Kadima vs. Israel

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US President George W. Bush found himself immersed last week in a political crisis of his own making. For the first time in his presidency, Americans told pollsters that they trust the Democrats more than the president on issues of national security.

There is an Israel angle to Bush's misfortunes. In fact, the nature of the mess in which Bush recently inserted himself explains a great deal about the nature of Israel's relationship with America. It also shows how that relationship is harmed by the expedient interests of both the Bush administration and the Israeli government.

Last month, the administration announced it had approved a deal to place the management of 21 US ports in the hands of the United Arab Emirates-owned firm Dubai Ports World or DPW. This caused an uproar on Capitol Hill. Citing Dubai's documented connections to al-Qaida, legislators from both parties demanded the deal's cancellation.

Rather than bowing to pressure, Bush surprised his supporters by insisting the deal go through. Accusing its detractors of anti-Arab bigotry, Bush – who has never used his presidential veto – threatened to veto any bill that cancels the DPW deal. Bush's response precipitated several investigative reports in the US media that exposed wide ranging business connections between high level administration officials – including Treasury Secretary John Snow – and DPW.

The Jerusalem Post's report last week which exposed DPW's adherence to the Arab boycott of Israel caused the administration additional headaches. It is against US law to adhere to the boycott. In a stuttered response, administration spokesmen intimated vaguely that Dubai is being pressured to end its participation in the boycott.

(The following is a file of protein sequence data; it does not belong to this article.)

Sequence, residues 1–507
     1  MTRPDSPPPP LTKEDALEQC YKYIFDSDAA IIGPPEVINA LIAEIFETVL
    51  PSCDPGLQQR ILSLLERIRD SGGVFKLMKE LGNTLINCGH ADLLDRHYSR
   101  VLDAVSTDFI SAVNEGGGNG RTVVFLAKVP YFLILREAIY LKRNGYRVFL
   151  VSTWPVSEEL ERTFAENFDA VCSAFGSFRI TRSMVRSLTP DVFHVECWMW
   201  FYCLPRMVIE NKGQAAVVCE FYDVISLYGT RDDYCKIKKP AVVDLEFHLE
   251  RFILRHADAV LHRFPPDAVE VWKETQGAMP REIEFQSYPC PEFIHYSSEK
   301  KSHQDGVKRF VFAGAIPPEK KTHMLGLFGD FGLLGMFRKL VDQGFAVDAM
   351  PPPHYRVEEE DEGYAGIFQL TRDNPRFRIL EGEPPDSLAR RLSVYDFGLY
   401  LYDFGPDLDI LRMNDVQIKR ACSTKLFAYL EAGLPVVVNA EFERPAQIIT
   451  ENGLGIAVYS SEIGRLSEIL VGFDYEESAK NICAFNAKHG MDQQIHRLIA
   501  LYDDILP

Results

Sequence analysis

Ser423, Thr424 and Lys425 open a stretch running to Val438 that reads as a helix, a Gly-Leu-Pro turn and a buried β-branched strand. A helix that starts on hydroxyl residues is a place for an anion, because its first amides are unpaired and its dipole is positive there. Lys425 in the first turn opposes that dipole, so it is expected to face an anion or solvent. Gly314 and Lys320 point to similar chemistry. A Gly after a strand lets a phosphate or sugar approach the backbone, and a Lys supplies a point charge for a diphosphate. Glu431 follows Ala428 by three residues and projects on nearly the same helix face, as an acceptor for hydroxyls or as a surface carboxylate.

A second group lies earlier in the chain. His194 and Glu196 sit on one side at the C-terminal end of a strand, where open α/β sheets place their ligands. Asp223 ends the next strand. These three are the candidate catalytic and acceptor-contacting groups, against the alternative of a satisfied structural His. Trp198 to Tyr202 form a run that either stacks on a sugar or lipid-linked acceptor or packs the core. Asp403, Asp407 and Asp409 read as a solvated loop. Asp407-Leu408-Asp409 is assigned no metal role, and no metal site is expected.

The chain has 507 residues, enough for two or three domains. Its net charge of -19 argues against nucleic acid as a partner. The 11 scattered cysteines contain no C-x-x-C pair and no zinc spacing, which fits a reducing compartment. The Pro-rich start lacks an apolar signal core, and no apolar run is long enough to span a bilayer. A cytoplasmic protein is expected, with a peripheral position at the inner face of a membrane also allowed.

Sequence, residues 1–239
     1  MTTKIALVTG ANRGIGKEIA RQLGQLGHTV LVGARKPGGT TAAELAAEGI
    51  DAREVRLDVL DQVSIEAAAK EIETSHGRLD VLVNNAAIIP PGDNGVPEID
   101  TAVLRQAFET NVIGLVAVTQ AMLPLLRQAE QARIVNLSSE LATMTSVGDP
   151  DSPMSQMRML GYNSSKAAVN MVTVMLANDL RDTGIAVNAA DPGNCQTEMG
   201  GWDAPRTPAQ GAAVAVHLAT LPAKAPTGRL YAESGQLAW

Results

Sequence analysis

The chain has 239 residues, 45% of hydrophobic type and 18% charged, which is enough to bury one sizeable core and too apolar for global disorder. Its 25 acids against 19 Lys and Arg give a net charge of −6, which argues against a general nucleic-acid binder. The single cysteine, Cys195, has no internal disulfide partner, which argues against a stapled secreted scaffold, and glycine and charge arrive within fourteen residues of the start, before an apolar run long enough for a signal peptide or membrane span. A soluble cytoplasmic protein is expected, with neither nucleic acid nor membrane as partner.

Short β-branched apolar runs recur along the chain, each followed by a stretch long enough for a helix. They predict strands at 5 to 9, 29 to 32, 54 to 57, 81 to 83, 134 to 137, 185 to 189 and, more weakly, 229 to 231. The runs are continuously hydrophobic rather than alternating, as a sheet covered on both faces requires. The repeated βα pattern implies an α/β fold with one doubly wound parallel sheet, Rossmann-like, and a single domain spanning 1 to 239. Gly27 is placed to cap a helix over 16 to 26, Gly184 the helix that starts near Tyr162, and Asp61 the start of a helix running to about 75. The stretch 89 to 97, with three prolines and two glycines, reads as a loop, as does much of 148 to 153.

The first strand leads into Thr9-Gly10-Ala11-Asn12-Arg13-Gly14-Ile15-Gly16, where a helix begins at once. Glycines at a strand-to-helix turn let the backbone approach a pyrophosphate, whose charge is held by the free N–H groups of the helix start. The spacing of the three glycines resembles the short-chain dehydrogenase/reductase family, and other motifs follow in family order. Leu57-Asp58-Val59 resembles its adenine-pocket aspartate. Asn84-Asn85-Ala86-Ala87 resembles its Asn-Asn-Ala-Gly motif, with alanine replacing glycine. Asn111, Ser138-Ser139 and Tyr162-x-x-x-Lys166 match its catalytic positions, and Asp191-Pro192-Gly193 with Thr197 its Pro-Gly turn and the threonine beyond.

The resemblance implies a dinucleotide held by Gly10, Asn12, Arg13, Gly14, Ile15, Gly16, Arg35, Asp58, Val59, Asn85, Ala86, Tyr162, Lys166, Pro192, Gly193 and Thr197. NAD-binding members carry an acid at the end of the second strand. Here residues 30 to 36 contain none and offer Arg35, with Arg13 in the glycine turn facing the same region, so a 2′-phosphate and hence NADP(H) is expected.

According to polling data, by the end of last month, only 17 percent of Americans supported the deal with Dubai while 63% opposed it. Given its enormous opposition, Bush's refusal to set the deal aside led several Republican lawmakers to openly criticize him. Indeed, Republican legislators worked steadily to kill the deal as quickly as possible to end their embarrassment.

At the same time, throughout the crisis the deal's many opponents suffered only one major setback. It came from an unexpected source: Israel.

Last week, Idan Ofer, the CEO of Israel's shipping line Zim, wrote a letter to New York Senator Hillary Clinton in which he praised DPW and expressed his support for the deal. In Ofer's words, "During our long association with Dubai Ports World we have not experienced a security issue in these ports or in any of the terminals operated by them." He added, "We are proud to be associated with Dubai Ports World and look forward to continue working with it in the future."

Given Dubai's adherence to the Arab boycott and the fact that in his letter Ofer acknowledged that Zim's ships are forced to fly under foreign flags in order to dock in Dubai's ports, opponents of the deal scratched their heads in puzzlement and exasperation at Ofer's move.

Aside from taking steps to cancel the deal, Congress placed the Treasury Department's secretive Committee on Foreign Investment in the United States, which approved the deal, under a magnifying glass.

In Congressional testimony last week, Frank Gaffney, the President of the Center for Security Policy in Washington, D.C. noted that CFIUS almost never conducts full-scale investigations of deals concerning foreign companies operating in the US. Of the 1,600 deals that have come before CFIUS since it was established in the 1980s, only 26 have come under serious review.

CFIUS decided to conduct its 26th full-blown investigation just days after it approved the deal with DPW. Disturbingly, the newest investigation relates to the Israeli computer systems protection company Check Point's intention to purchase its smaller American rival Sourcefire. As the AP report of the investigation noted, "The contrast between the administration's handling of the $6.8 billion Dubai ports deal and the Israeli company's $225 million technology purchase offers an uncommon glimpse into the US government's choices to permit some deals but raise deep security concerns over others."